EFFECTS OF PERINATAL DEPRESSION
Perinatal Depression is a medical condition. Leaving medical conditions such as heart disease or diabetes untreated causes health complications. The same is true for Perinatal Depression.
Women who experience depression during pregnancy may be less likely to be mindful of good prenatal care and nutrition and are more likely to have a premature delivery, restricted fetal growth and infants with low birth weight, and problems with breastfeeding and bonding with their infant. There is also a heightened risk of pre-eclampsia during pregnancy.
Studies have shown that babies born to depressed mothers cry excessively and are more inconsolable, have poorer growth and increased risk of infection, and have more difficult temperaments as children with more distress, sadness, fear, shyness, and frustration. Additionally, there are potential long term effects for children of mothers with untreated depression such as issues with cognitive development, problems in school, behavioral problems, and depression.
Perinatal Depression can also wreak havoc in the family dynamics. It may impair communication between partners and even may contribute to depression in the mother’s partner as well.
Perinatal Depression may lead to self-harm, suicide, or harming the baby if left untreated. It is important to catch perinatal depression early and receive treatment in order to minimize any of the complications.
There are an abundance of resources and additional information on Perinatal Depression available on the web. Here are a few educational resources that we found to be particularly interesting and helpful.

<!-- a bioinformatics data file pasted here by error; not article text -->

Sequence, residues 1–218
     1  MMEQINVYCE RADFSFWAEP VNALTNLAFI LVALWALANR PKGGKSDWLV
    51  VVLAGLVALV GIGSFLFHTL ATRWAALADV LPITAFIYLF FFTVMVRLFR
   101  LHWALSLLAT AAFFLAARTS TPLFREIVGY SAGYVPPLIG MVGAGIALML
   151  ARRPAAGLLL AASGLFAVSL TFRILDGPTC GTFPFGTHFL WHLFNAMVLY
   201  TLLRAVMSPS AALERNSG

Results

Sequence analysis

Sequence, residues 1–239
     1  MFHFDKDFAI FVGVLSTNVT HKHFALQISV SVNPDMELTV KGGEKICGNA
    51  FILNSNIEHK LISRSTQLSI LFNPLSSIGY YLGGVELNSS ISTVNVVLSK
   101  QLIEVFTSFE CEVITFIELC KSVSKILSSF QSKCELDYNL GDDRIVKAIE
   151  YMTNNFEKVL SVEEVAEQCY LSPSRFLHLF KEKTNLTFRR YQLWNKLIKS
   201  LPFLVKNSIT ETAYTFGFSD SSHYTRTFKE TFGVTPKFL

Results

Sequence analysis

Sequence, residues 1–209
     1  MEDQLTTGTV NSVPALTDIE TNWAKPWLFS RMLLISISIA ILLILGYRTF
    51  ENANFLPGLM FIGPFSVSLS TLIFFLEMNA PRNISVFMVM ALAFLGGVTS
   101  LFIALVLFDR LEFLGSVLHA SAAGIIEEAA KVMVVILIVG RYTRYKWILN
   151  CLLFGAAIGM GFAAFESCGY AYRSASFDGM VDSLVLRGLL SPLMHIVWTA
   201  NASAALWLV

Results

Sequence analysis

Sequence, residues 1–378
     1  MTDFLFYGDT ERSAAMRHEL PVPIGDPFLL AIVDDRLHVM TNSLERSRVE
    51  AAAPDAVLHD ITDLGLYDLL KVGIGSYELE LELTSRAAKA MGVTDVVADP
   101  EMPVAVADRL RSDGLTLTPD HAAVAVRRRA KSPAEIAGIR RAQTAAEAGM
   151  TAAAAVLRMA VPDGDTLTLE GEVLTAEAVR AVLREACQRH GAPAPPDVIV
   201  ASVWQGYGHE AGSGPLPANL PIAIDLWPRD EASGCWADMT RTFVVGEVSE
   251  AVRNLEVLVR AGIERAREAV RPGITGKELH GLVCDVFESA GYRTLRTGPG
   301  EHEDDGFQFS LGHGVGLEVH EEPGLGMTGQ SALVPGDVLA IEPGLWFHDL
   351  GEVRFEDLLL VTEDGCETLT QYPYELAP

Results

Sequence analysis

This is a FAQ sheet from the American Congress of Obstetricians and Gynecologists website. It has information about what postpartum depression is, causes, and treatment options. It also provides links to other websites with information on postpartum depression. Click here to visit the American Congress of Obstetricians and Gynecologists website to access this document: American Congress of Obstetricians and Gynecologists
This website is a perinatal focused portion of a larger toolkit for depression education that includes information on treatment options and risk factors for Perinatal Depression, as well as information on other similar and related depressive disorders. Click here to visit the Depression Toolkit website to access this document: Depression Toolkit
Although this website is for an organization in San Diego, California and all of the resources (events, support groups, etc.) listed are local to San Diego. However, this site does have downloadable brochures in Spanish as well as a great section explaining how fathers are affected by Perinatal Depression. Click here to visit the Postpartum Health Alliance website to access this document: Postpartum Health Alliance
Dr. Christina Hibbert is a clinical psychologist, author, and speaker who specializes in women’s mental health. On her website, there is a section committed to postpartum depression with over twenty links for further education about postpartum depression for mothers, for fathers, treatment options, and other support options. Click here to visit Dr. Christina Hibbert’s website to access this document: Dr. Christina Hibbert